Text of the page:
John Lambert updates us on an exciting second round on the Gaslands series.

Gascar 19 returned to the track for Event 2 in the Tri Series Cup following the sensational Death Race in Event 1. Event 2 would be bigger and better featuring two arenas and the addition of an extra team. Both arenas would be covered by Warner Duovision ensuring pay per view customers would not miss any of the action. The action would kick off with not one but two simultaneous Death Races! As tension ratcheted up, a protest was received from S. Vettel concerning Event 1. Following a VAR review, the protest was upheld and the second and third places were reversed. Arenas were allocated to drivers and it was time to rev up those engines!

Death Race A
Teams sponsored by Warden, Idris and Rutherford would take part in this race with a clean start being made by Idris and Warden. Suspected substance abuse by the drivers of the Rutherford team saw them fall away at the back of the pack.

The Warden car of Lefty o’Tool had a good line to gate 1 but was beaten to it by the Idris car driven by Black Stalin which passed through the gate using a classic slide turn, helped by a great dice roll.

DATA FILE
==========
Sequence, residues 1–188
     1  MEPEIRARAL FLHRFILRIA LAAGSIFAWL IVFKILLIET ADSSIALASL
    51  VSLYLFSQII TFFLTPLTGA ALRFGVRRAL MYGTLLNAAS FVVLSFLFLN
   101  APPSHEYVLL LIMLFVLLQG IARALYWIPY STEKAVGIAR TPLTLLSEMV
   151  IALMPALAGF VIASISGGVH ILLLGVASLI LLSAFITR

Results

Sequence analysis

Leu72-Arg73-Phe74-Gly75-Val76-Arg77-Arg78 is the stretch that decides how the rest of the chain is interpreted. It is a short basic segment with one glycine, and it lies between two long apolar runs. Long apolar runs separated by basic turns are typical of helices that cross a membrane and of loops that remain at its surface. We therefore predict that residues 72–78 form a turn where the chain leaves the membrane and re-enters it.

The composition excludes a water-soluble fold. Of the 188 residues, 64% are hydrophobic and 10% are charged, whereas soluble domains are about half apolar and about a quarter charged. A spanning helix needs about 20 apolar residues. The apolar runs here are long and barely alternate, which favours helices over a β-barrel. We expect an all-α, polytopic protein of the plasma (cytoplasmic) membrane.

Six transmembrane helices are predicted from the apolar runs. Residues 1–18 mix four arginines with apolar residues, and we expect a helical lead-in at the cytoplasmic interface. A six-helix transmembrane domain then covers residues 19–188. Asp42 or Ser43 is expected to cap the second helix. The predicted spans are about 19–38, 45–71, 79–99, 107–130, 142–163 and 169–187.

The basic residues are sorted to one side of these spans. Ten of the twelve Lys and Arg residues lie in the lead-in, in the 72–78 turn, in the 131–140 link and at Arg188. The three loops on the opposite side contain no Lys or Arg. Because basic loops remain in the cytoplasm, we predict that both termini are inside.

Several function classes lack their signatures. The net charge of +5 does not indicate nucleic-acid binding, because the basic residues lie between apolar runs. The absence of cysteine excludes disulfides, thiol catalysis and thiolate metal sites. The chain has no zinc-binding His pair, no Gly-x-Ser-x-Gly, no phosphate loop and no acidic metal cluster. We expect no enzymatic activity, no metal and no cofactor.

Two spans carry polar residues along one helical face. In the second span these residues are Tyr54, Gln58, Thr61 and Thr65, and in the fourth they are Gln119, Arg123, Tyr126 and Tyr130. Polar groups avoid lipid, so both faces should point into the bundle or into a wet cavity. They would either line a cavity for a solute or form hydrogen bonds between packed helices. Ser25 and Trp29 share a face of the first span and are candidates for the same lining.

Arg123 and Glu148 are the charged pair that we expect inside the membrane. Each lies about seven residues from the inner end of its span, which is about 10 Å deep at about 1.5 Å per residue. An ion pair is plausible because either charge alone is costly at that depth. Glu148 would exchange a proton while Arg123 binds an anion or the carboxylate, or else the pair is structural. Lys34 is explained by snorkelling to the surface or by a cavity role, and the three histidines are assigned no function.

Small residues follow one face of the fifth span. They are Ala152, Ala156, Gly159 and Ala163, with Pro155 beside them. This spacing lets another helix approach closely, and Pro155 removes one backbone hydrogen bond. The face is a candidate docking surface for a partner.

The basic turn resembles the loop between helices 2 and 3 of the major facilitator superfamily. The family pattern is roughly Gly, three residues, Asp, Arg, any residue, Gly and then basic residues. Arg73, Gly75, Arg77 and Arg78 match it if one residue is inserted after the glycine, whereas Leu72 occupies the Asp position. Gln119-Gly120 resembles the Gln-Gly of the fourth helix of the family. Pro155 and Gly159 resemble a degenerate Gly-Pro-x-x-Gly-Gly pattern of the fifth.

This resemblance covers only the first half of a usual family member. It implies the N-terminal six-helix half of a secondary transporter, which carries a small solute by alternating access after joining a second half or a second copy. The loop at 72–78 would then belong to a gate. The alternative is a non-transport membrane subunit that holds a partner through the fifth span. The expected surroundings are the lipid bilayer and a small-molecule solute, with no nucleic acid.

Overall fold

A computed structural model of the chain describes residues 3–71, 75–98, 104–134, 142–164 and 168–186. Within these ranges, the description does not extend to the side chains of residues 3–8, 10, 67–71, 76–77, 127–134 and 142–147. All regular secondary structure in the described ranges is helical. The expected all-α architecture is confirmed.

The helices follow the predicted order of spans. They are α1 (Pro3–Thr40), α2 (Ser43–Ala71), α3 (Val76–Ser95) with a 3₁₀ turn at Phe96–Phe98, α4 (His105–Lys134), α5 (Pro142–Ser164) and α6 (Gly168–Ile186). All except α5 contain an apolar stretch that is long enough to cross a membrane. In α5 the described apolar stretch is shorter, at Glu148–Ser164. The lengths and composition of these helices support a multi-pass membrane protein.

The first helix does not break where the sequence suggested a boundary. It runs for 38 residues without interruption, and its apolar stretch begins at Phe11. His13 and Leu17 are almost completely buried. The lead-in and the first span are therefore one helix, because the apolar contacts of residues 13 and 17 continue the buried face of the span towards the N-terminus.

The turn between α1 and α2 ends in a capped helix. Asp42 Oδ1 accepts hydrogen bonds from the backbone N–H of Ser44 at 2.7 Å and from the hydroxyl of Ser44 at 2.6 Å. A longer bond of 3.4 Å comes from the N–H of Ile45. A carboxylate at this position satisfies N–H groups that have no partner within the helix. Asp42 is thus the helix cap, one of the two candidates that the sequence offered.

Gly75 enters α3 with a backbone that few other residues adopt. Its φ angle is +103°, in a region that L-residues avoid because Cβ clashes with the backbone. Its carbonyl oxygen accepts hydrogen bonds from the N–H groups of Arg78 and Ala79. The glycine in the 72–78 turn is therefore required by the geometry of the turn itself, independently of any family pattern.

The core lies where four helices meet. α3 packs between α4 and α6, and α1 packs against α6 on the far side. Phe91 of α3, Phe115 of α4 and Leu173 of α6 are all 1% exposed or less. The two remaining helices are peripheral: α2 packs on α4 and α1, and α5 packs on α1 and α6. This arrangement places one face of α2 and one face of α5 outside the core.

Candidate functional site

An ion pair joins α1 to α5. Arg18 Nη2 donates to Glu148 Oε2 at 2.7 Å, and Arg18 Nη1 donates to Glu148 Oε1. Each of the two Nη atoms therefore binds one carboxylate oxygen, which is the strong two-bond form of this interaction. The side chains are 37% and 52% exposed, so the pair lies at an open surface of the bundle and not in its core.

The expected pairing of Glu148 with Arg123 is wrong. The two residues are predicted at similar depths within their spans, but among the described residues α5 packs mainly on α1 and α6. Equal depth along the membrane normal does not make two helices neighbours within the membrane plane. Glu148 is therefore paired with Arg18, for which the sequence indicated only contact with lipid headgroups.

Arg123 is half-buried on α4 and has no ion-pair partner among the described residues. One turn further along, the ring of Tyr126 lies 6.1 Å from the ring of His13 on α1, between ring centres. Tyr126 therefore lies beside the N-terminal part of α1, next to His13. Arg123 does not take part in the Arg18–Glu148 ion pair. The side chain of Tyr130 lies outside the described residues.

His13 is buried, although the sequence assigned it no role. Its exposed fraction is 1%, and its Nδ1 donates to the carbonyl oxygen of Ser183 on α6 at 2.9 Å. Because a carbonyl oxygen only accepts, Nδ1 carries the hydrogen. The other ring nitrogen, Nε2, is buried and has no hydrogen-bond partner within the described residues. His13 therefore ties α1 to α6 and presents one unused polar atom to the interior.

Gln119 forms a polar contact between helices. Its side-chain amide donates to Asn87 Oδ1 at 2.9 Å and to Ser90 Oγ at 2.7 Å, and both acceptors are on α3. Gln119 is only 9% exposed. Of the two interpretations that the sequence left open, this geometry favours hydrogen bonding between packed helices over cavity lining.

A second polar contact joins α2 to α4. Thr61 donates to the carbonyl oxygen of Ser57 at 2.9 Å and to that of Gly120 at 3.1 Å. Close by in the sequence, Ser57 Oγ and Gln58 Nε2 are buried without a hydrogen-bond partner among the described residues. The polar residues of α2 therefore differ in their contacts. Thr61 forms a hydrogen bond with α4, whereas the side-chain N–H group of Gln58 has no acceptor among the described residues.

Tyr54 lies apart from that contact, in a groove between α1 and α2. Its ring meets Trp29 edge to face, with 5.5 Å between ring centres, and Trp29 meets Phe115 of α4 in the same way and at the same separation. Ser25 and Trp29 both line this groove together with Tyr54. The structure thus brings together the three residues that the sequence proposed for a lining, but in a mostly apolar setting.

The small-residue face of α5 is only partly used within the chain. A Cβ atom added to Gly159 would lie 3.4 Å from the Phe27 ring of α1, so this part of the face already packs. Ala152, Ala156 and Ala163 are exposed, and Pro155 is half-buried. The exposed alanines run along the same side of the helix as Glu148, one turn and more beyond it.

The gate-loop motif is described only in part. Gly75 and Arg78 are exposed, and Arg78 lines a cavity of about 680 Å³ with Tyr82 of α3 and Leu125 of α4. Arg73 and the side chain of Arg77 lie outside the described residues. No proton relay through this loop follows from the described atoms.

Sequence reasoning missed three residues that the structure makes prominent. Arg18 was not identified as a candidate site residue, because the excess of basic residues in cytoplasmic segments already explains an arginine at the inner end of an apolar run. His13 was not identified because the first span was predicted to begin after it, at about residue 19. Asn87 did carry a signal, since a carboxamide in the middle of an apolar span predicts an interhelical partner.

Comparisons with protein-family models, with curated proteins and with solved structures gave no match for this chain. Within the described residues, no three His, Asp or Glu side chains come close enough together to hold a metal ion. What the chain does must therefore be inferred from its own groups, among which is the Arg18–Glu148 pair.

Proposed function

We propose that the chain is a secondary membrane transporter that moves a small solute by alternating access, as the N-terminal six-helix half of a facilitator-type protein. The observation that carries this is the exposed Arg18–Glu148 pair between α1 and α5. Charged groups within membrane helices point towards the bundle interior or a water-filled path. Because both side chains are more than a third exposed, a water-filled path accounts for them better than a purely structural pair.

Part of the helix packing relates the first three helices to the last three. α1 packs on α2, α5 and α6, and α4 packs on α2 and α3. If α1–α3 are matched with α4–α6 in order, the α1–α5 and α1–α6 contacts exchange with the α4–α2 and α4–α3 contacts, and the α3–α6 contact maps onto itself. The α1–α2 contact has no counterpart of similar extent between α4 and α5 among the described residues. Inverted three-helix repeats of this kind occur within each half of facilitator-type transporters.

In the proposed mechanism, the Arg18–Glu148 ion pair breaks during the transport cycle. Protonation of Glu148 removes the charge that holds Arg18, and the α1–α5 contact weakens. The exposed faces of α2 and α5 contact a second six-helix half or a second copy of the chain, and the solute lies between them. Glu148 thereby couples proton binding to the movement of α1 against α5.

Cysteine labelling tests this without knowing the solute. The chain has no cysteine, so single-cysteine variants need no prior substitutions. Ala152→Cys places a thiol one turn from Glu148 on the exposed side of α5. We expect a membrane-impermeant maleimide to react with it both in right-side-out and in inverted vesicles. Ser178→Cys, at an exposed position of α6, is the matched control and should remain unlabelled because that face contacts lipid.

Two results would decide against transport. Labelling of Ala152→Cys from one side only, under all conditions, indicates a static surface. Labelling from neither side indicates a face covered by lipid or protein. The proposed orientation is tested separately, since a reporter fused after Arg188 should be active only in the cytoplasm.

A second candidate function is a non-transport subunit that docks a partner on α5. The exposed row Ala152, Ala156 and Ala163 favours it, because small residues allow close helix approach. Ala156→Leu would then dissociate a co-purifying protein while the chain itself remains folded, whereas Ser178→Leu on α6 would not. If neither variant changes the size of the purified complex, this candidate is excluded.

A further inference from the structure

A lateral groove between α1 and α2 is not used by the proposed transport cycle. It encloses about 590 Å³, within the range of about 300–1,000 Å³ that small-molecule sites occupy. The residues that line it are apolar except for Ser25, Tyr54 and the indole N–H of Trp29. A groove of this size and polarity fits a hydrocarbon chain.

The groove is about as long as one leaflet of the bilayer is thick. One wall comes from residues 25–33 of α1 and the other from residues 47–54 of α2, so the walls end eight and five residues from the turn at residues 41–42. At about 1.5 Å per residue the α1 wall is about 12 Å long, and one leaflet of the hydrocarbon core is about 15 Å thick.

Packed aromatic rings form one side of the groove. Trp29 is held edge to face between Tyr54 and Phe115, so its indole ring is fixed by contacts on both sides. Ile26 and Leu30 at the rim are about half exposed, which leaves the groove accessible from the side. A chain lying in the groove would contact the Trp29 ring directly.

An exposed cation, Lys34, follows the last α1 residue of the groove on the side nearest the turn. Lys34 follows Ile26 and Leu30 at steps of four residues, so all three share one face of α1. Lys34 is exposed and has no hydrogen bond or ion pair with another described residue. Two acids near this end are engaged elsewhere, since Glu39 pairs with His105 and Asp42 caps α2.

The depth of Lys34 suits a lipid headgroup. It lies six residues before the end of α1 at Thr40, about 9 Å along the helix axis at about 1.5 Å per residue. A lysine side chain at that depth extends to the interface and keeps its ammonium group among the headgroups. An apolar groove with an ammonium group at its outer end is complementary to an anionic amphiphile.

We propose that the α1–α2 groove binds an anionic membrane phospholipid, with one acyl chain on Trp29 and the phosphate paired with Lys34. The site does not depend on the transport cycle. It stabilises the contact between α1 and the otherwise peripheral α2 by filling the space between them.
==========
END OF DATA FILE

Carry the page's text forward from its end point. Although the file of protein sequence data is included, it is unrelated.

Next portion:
Lefty O’Tool followed shortly afterwards and the race was well and truly joined! As these two cars drove neck and neck along the back straight, the second Idris car Chalkdust was catching them.

Lefty O’Tool was able to score hits on Black Stalin as they passed through Gate 3. These hits accumulated and in a final deadly blast, Black Stalin was destroyed. For the second race in succession, a Trini Scorpion car had been eliminated in touching distance of the winning line. It looked as though Lefty O’Tool would win but coming from behind a carefully judged power surge by Chalkdust saw this car shoot over the line first. The Rutherford team had won event 1 and had been the bookies favourite but today the bookies cleaned up! It had been a stitch up, there could be no other explanation.

Death Race B
This saw a tight packed field of 8 cars struggle to get away from the start line with only the Idris sponsored Ghost of the South able to make a clean break away from the pack, multiple collisions causing CARNAGE in it’s wake.

One of the Miyazaki buggies set off in pursuit of Ghost of the South and Razor from the Idris team was making good progress until a wipeout just before Gate 1. As Ghost of the South approached Gate 2, the Miyazaki buggy passed through gate 1 and Razor from the Idris team had almost reversed through gate 1. At that point with TV audiences plummeting, the Race Controller was instructed to stop the race and award points based on track position.

Arena of Death